U.S. prescribing information for PLAVIX revised

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Sanofi-aventis U.S. and Bristol-Myers Squibb Company (NYSE: BMY) today announced revisions to the U.S. prescribing information for PLAVIX® (clopidogrel bisulfate), which include a boxed warning. The boxed warning concerns the diminished effectiveness of PLAVIX in patients who have a genetic variation leading to reduced formation of the active metabolite. These patients, who are designated as poor metabolizers, represent, according to the prescribing information, approximately 2% of whites, 4% of blacks, and 14% of Chinese. The percentage of poor metabolizers is estimated to be approximately 3% of the population, based on published studies.

“We want to highlight this warning to make sure health care professionals use the best information possible to treat their patients”

Patients should continue taking PLAVIX unless told to do otherwise by their healthcare professional. They should talk with their healthcare professional if they have any concerns about PLAVIX.

Today, the U.S. Food and Drug Administration (FDA) issued a press release on this update, which is included below:

FDA Announces New Boxed Warning on Plavix

The U.S. Food and Drug Administration today added a boxed warning to the anti-blood clotting drug Plavix (clopidogrel), alerting patients and health care professionals that the drug can be less effective in people who cannot metabolize the drug to convert it to its active form.

Plavix reduces the risk of heart attack, unstable angina, stroke, and cardiovascular death in patients with cardiovascular disease by making platelets less likely to form blood clots. Plavix does not have its anti-platelet effects until it is metabolized into its active form by the liver enzyme, CYP2C19.

People who have reduced functioning of their CYP2C19 liver enzyme cannot effectively convert Plavix to its active form. As a result, Plavix may be less effective in altering platelet activity in those people. These "poor metabolizers" may not receive the full benefit of Plavix treatment and may remain at risk for heart attack, stroke, and cardiovascular death.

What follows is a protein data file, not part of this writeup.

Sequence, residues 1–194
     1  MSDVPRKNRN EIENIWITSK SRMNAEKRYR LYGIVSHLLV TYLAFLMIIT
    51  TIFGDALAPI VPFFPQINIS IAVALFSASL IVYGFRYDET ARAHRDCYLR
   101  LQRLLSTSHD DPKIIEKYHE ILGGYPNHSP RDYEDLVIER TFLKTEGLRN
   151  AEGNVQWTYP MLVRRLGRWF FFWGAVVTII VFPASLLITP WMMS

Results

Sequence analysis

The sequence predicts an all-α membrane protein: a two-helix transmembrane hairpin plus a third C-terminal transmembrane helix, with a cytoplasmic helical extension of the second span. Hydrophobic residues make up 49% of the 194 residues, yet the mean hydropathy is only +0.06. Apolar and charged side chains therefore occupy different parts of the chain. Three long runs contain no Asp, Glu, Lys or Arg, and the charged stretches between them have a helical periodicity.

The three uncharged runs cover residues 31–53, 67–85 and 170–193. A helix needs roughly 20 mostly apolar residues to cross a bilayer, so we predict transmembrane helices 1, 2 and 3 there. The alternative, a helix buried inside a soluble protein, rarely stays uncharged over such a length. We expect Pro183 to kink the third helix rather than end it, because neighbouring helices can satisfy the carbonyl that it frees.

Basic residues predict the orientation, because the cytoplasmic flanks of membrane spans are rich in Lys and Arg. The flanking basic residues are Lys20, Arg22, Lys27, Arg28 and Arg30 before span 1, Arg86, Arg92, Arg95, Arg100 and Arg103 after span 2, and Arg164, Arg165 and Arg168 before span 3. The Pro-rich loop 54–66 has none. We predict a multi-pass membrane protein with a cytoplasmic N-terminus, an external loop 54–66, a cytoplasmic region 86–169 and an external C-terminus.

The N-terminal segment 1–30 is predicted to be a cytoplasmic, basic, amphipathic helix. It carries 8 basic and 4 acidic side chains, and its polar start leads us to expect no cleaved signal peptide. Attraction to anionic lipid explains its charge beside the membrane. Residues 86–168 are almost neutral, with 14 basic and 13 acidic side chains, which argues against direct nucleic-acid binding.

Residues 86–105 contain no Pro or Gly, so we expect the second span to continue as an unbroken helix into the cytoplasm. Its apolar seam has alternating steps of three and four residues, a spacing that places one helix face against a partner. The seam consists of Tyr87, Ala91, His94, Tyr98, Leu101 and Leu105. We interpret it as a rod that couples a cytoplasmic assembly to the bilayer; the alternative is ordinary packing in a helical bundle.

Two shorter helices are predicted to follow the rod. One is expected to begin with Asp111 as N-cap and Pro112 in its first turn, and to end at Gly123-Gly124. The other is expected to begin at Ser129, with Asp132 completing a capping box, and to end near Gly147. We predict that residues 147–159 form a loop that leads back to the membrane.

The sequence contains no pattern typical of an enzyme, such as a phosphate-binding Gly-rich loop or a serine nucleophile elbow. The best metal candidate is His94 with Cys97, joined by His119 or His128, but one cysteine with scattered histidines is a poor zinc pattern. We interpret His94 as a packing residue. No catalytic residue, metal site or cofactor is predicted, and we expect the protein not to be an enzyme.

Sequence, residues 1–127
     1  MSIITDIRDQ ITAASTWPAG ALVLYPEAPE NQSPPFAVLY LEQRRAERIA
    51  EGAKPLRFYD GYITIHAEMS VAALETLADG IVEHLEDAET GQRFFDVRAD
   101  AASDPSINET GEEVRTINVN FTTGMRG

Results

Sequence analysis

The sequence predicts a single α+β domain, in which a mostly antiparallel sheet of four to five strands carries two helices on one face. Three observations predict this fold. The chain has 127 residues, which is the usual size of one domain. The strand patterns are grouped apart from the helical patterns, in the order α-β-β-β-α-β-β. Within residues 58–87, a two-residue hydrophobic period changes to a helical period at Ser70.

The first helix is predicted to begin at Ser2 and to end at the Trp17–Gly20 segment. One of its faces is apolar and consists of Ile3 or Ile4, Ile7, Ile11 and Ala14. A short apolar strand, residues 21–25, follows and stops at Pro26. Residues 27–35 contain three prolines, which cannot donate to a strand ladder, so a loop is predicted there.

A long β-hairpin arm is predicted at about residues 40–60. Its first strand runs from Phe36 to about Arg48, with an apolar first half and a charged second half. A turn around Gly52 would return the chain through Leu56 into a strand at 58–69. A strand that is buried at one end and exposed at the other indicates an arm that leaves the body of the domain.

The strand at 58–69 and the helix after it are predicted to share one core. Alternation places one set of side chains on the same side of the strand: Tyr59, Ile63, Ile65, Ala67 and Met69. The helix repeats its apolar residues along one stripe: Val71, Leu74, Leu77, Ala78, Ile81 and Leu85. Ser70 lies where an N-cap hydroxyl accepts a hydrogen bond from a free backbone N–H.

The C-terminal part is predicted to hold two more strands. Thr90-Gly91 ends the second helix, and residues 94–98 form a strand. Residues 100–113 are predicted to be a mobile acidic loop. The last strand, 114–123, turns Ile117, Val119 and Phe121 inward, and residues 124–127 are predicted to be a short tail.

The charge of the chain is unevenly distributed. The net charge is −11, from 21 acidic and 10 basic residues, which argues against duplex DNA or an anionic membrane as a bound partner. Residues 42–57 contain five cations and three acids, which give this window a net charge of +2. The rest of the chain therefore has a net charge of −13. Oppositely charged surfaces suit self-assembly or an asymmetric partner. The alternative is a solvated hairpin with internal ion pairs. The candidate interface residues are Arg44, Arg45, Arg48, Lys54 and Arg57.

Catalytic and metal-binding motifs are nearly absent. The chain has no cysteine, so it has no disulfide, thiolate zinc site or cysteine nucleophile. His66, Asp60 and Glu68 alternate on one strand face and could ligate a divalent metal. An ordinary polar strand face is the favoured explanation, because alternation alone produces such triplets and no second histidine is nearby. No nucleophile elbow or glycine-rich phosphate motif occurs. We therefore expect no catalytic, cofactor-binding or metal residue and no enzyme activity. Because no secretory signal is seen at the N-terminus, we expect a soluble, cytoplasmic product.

"We want to highlight this warning to make sure health care professionals use the best information possible to treat their patients," said Mary Ross Southworth, Pharm.D., a clinical analyst in the Division of Cardiovascular and Renal Products in the FDA's Center for Drug Evaluation and Research.

In May 2009, the FDA added this warning to the drug's label. After reviewing more data, the agency felt it was important to highlight this risk in a boxed warning.

It is estimated that 2 percent to 14 percent of the U.S. population are poor metabolizers. The FDA recommends that health care professionals consider alternative dosing of Plavix for these patients, or consider using other anti-platelet medications. Tests are available to assess CYP2C19 genotype to determine if a patient is a poor metabolizer.

Patients should not stop taking Plavix unless told to do so by their health care professional. They should talk with their health care professional if they have any concerns about Plavix.

Plavix is made under a Bristol-Myers Squibb - Sanofi Pharmaceuticals partnership.

These revisions to the prescribing information for PLAVIX® reflect the companies’ ongoing research in collaboration with the FDA, which better defines the patient population that may be affected by a genetic variation in CYP2C19 and alternate treatment strategies.

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